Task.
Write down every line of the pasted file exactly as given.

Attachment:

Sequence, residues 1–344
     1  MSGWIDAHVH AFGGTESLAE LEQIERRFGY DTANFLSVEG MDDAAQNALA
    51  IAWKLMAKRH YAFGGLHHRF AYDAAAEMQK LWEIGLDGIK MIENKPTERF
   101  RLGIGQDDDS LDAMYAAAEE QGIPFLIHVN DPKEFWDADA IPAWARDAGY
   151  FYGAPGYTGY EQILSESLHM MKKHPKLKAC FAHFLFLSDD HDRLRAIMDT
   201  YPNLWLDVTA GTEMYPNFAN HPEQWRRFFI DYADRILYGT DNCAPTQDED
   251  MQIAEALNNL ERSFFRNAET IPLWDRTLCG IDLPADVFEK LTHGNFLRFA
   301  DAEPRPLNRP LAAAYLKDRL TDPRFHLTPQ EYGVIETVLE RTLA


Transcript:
Sequence, residues 1–344
     1  MSGWIDAHVH AFGGTESLAE LEQIERRFGY DTANFLSVEG MDDAAQNALA
    51  IAWKLMAKRH YAFGGLHHRF AYDAAAEMQK LWEIGLDGIK MIENKPTERF
   101  RLGIGQDDDS LDAMYAAAEE QGIPFLIHVN DPKEFWDADA IPAWARDAGY
   151  FYGAPGYTGY EQILSESLHM MKKHPKLKAC FAHFLFLSDD HDRLRAIMDT
   201  YPNLWLDVTA GTEMYPNFAN HPEQWRRFFI DYADRILYGT DNCAPTQDED
   251  MQIAEALNNL ERSFFRNAET IPLWDRTLCG IDLPADVFEK LTHGNFLRFA
   301  DAEPRPLNRP LAAAYLKDRL TDPRFHLTPQ EYGVIETVLE RTLA